I’ve always loved setting goals and working towards achieving them. I read somewhere that setting goals creates the same feel-good chemical response in the brain that people get from exercise or chocolate, and I believe it.
I don’t think it’s any coincidence that I stumbled across Day Zero Project, an online goal-setting website. (http://dayzeroproject.com/)
The basic premise is to create a list of 101 goals to complete in 1001 days, which is just shy of 3 years. The online website allows you to track your progress on the list, gives you a progress bar, allows you to add notes or pictures to various goals to keep track of them.
101 goals is definitely a lot. The first time I created a list in 2012, I probably came up with about 60 on my own. The great thing about the site is that it gives tons of goal ideas that people can add to their own lists. It even breaks down the goal ideas by category under the tags feature (http://dayzeroproject.com/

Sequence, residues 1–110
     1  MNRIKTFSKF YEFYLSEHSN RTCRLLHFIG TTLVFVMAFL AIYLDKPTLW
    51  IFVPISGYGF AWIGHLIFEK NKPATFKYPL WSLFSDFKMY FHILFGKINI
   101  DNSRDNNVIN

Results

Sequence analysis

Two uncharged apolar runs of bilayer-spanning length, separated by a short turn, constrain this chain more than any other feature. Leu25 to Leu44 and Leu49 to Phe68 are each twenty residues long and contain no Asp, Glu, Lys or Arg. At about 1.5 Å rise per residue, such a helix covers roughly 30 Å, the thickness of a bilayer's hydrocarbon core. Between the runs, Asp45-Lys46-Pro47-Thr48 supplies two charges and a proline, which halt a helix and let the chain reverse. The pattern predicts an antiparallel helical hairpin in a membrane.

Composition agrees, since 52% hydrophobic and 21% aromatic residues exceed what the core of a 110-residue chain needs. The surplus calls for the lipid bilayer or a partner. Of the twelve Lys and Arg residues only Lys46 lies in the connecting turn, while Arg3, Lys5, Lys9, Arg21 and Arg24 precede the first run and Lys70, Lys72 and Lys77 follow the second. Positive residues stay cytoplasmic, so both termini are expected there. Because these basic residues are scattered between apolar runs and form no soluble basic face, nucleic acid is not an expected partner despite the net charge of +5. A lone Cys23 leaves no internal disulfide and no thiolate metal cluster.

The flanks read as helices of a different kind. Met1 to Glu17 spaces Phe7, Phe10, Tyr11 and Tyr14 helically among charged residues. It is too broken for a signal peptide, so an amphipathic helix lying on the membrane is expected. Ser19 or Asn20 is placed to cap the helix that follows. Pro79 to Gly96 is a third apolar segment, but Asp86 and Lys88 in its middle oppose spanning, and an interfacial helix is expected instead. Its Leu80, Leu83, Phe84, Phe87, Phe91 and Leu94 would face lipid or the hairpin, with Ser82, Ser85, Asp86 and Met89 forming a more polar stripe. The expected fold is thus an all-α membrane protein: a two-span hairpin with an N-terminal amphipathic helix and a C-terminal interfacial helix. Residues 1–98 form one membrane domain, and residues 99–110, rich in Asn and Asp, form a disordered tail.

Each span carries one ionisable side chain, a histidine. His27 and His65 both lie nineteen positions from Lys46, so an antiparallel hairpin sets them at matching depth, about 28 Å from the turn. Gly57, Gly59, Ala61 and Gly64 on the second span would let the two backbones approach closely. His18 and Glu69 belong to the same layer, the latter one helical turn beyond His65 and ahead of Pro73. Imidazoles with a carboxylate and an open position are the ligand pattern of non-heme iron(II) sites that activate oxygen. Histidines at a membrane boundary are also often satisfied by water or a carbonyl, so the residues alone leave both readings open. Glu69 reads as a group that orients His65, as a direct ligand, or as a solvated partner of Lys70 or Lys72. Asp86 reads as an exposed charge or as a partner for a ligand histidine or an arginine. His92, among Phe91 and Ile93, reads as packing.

A few benefits I received from this site:
- It forced me to think about long-term and short-term goals. When you’re trying to come up with 101 goals and have the span of almost 3 years, it forces you to think beyond the next couple months.
- In order to reach 101, I had to go outside my comfort zone. Running a half marathon was one of my initial goals on my 2012 list. I might never have attempted this type of race if I hadn’t put it down on my list.
- Having 101 goals made me infuse more balance into my life. Before Day Zero Project, I had an unhealthy fixation on my weight. I sidelined a lot of other important aspects of my life in pursuit of a smaller body. When I made my Day Zero Project list, I had some health and fitness related goals, but I also had travel goals, family and relationship goals, financial goals, writing goals, self-development goals… I grew more between 2012 and 2014 than I did in my previous 22 years of life combined. This list of goals contributed a lot to my growth.
For anyone who’s even mildly intrigued by this idea, I would encourage them to give it a shot. Coming up with 101 goals might seem daunting, but the site makes it a fun experience. Even if you don’t reach all 101 goals, it’s still going to be a great time. The first time I made my list, I only reached about 70, but I’m sure I wouldn’t have achieved half of those goals if I hadn’t made the list in the first place.
By: Kayla Van Egdom